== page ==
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Kinetic Energy calculation

  1. Dec 28, 2011 #1
    If a metal sphere that weights 1.006 kg is dropped from 2.5 meters, what is it's kinetic energy when it hits the ground?

    Is this kinetic energy the same value as mechanical energy?

    If this kinetic energy was converted in electrical energy by a 1000 watt electric generator that was 95% efficient, how much mechanical energy (in joules) is required? In other words, does a 1000 watt generator require 1000 joules of mechanical energy?
  2. jcsd
  3. Dec 28, 2011 #2
    In this case, what you want to do is apply conservation of energy—in other words, total mechanical energy will always be conserved. Use that principal, and potential & kinetic energy to answer your question.
  4. Dec 28, 2011 #3
    Thank you for the answer, but I am not a physics person so don't really understand the answer. So in my question, with a metal sphere that is 1.006 kg dropped from 2.5 meters, what is the potential energy, kinetic energy, and mechanical energy? I need to know this value because I need to know how many spheres need to be dropped per second to power a 1000 watt electric generator. THANKS!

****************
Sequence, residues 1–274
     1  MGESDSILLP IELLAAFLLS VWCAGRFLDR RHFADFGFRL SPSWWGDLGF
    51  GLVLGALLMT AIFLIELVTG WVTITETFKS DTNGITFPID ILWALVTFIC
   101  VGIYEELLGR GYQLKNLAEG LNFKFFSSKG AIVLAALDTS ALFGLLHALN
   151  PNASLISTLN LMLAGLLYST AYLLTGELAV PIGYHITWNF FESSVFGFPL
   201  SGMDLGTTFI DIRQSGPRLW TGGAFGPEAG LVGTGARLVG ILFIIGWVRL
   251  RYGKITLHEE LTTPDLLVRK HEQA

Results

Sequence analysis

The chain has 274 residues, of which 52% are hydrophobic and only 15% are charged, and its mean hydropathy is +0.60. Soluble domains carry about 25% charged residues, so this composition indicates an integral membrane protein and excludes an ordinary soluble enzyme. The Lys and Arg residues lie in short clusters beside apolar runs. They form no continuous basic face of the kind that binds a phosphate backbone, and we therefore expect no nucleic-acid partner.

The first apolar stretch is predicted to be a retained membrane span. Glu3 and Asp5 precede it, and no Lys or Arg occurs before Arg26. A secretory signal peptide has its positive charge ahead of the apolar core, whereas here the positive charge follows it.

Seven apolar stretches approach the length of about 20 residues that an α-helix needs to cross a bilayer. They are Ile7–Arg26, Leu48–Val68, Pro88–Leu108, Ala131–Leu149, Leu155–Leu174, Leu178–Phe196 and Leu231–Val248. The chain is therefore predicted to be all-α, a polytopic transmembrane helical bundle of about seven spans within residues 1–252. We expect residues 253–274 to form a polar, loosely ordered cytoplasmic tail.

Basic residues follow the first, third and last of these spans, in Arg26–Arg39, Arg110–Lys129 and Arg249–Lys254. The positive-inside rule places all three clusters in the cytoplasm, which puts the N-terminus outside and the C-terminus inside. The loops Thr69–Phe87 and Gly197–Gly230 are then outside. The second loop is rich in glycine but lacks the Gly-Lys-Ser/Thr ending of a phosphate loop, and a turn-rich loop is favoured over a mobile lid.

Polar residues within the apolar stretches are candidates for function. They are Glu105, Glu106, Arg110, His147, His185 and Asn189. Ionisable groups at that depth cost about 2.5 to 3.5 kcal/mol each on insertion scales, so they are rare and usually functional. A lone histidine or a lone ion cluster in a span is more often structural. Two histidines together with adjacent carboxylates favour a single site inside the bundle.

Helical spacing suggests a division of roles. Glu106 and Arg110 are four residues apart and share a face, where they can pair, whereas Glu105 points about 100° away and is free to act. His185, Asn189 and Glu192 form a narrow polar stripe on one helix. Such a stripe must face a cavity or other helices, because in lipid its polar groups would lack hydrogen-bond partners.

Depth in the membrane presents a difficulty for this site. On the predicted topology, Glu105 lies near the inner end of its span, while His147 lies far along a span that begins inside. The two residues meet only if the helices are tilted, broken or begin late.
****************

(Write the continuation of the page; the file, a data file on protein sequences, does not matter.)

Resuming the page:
5. Dec 29, 2011 #4
    OK, some background info then.
    The mechanical energy is the total energy the object posseses from position and from motion. This will always be conserved.

    Potential energy is energy from position. GRAVITATIONAL potential energy is the potential energy that gravity causes, and is given by PE= mgh, where m is the mass, g is the acceleration due to garvity (9.8 m/s^2), and h is the height. You have all these values.

    Kinetic energy is the energy due to motion, and is given by KE= 0.5 m v^2, where m is mass and v is velocity.

    Now ask yourself, before the sphere is dropped, what is it's kinetic energy? Since it's velocity is 0, logically it has no kinetic energy. However, it has gravitational potential energy, which you can calculate.
    Since mechanical energy is potential energy and kinetic energy. then the GPE in this scenario makes up all the mechanical energy.

    Remember that all the mechanical energy will be conserved. At 0 m, all of it will be kinetic energy.
    Hopefully, I've given you something to think about!
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